Before Mayfield Four singer and guitarist Myles Kennedy and his bandmates — drummer Zia Uddin and bassist Marty Meisner — flew to New York last summer to begin recording their second album, Second Skin, Kennedy had a little Hollywood business to take care of: a three-day trip to Los Angeles to film his first acting role, playing a star-struck fan in the upcoming Mark Wahlberg flick, Rock Star.
Loosely based on the real story of veteran U.K. heavy metal act Judas Priest, Rock Star was originally to be titled — perhaps more appropriately — Metal God. The film is slated for a fall release.
Kennedy first gained an audition due to his fabulous vocal range. "That was actually a very strange thing," Kennedy told Wall of Sound as he and his band drove to West Virginia during a recent string of opening dates on Everclear's tour. "I got a call from my manager saying, 'We're looking for someone who can sing this really high stuff.'"
Though Mayfield Four's songs don't actually incorporate such '80s-style, hair-metal wailing, Kennedy passed the audition. "My scene is with Mark Wahlberg; I get up onstage and sing along with him for a song. Basically he passes the mic over to me and … I won't give too much away, it's towards the end and it's rather a pivotal part of the movie."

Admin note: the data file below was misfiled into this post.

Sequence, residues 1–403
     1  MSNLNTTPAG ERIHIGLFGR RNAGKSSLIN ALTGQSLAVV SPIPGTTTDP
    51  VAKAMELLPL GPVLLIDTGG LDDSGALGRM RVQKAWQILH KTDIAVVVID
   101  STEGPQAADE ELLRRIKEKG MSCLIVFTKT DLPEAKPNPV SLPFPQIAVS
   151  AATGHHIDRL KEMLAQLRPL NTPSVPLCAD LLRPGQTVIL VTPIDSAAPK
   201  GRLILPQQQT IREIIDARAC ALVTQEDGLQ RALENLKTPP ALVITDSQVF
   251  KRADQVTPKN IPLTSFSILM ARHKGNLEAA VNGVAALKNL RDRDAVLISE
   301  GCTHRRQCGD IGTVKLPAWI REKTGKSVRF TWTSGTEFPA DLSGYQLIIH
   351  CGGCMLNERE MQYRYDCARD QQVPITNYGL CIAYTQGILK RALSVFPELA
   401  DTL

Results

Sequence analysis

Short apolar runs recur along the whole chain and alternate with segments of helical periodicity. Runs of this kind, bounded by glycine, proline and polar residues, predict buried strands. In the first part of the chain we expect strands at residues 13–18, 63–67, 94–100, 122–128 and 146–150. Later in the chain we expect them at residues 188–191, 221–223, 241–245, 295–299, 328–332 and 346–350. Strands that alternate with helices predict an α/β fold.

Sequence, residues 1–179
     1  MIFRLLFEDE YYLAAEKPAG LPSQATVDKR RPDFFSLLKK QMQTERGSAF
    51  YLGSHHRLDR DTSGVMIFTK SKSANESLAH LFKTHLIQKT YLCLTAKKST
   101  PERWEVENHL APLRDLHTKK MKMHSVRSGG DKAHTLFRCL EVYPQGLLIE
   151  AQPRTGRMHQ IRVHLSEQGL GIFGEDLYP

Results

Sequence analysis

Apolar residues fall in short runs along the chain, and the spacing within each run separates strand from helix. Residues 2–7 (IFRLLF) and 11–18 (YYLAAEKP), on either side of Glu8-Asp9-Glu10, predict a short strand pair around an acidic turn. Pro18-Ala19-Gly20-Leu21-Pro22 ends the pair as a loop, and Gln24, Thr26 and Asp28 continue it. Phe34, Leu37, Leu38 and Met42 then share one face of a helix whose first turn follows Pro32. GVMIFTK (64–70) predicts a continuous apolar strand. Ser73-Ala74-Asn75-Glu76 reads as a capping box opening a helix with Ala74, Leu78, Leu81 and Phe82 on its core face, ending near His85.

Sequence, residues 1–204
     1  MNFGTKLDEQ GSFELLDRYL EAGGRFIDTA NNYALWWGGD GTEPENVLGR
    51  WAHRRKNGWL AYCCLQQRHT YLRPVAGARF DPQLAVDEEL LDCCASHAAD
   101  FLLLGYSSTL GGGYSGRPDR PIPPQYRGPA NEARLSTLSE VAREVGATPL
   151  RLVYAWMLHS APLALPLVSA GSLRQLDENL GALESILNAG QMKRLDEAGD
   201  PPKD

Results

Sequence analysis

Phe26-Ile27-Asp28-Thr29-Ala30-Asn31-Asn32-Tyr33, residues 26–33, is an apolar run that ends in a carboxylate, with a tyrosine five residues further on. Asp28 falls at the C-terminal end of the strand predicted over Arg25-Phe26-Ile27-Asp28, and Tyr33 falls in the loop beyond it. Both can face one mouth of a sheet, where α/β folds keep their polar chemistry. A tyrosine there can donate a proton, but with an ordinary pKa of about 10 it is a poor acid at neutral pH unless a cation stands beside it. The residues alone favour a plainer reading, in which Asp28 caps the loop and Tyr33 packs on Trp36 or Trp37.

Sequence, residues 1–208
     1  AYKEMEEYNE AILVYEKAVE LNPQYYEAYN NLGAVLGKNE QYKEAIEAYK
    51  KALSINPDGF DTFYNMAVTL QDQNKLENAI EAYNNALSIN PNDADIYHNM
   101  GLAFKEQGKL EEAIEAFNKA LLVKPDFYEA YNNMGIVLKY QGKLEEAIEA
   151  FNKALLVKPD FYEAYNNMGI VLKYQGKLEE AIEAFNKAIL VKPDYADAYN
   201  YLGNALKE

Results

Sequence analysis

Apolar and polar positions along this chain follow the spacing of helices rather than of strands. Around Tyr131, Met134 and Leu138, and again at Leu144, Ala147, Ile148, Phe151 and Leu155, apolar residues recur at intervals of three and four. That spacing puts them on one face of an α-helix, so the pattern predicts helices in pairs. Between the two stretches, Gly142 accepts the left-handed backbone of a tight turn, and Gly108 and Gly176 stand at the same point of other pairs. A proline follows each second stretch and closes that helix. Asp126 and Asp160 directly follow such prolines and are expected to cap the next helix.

Besides gaining a great respect for actors and their craft — "I had no idea it was so time-consuming, not to mention they get up at the crack of dawn, which as a musician is a new thing for me" — Kennedy got the chance to play with two metal luminaries: Ozzy Osbourne guitarist and Black Label Society frontman Zakk Wylde and Jason Bonham, the son of the drummer of one of Kennedy's all-time favorite bands, Led Zeppelin.
"I remember sitting down and telling him, 'Your father's music pretty much inspired me to do this," says Kennedy of a between-takes conversation with Bonham. "He was really nice about it. He's very proud of his dad's legacy, and he should be."
As for the actual mechanics of playing a besotted fan at a rock concert, Kennedy says that came very easy to him. "When he gets to get up onstage and actually sing with them in front of thousands of people, it's like a dream come true for him. How many of us have gone to rock shows when we were a kid and thought those very same thoughts? All I had to do was put myself back in a place where I was when I was 15 years old," says Kennedy.
"It wasn't really like acting, it was like transferring yourself back to that period in time and remembering who you were."